really differentiates those calibers from 99.99% of the other quartz calibers and what still is
the most valuable objective indication of actual performance in a High End Quartz!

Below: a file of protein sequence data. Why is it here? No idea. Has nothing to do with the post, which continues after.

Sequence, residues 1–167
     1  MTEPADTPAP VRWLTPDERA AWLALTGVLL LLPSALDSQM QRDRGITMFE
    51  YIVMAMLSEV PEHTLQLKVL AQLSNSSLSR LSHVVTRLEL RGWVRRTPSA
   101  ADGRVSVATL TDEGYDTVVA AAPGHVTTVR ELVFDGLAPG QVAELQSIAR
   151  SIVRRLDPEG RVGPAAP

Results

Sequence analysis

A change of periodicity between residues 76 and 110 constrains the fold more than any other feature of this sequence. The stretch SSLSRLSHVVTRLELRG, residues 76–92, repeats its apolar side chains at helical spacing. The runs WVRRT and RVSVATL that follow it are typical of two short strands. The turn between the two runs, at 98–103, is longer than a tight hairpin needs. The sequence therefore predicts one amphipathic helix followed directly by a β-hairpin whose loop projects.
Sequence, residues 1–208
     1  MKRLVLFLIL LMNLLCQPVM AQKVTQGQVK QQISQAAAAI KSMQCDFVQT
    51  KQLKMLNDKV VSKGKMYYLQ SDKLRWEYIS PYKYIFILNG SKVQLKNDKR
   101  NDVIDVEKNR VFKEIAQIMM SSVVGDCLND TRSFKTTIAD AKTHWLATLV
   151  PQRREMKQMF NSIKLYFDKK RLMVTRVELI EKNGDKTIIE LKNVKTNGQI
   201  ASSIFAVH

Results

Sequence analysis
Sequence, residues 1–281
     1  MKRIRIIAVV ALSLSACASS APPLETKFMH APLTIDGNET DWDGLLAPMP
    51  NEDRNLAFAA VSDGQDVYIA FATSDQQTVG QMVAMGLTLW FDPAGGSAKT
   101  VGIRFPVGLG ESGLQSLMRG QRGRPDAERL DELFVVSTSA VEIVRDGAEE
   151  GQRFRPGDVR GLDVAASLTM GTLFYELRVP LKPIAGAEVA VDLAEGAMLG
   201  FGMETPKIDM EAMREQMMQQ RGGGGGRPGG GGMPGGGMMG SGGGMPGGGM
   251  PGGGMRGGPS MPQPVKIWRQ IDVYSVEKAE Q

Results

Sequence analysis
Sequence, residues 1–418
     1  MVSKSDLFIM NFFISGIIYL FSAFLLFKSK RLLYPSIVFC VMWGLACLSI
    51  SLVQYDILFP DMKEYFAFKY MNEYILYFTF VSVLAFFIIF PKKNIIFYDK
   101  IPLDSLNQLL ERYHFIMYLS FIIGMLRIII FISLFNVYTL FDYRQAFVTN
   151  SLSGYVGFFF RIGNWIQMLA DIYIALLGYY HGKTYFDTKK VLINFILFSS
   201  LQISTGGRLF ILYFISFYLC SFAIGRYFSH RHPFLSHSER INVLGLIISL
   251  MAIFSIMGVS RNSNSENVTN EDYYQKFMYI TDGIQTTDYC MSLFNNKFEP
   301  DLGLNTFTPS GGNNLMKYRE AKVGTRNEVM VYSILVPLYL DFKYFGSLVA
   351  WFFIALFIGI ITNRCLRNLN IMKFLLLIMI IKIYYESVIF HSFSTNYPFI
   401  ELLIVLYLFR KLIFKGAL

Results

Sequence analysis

But before getting into the actual results of those specific watches it might be worth mentioning a few words about why ultra-accurate timekeeping still is a certain technological achievement which not many watches (and companies) can claim - and it all starts with quartz properties and the fact that the piezoelectric effect in it does not automatically have a fixed natural resonance frequency, but instead that is very specific linked to the actual dimensions and precise shape of the crystal - what it is called the 'quartz cut'. To cut the story short (pun intended) there are many such quartz cuts, but for low frequencies (like those used in wristwatches - which are severely constrained by limits in power consumption) the most practical one is the 'tuning-fork' one - a very-very small 'tuning-fork' which resonates around 32768 times per second. Unfortunately the precise frequency of such a shape can also depend a little with the temperature - the difference might seem small at 5-10 parts-per-million but that is actually representing a range of 20-30 seconds/month - which can at best be centered as an error interval of around -15 to +15 seconds/month (or +/- 180 seconds/year). To achieve even that precise centering is no small thing (and you will still see plenty of quartz models only guaranteed +/- 20 or even 30 seconds/month), but in order to raise the level from there to something in the range of 20 seconds/year you need to do more than that!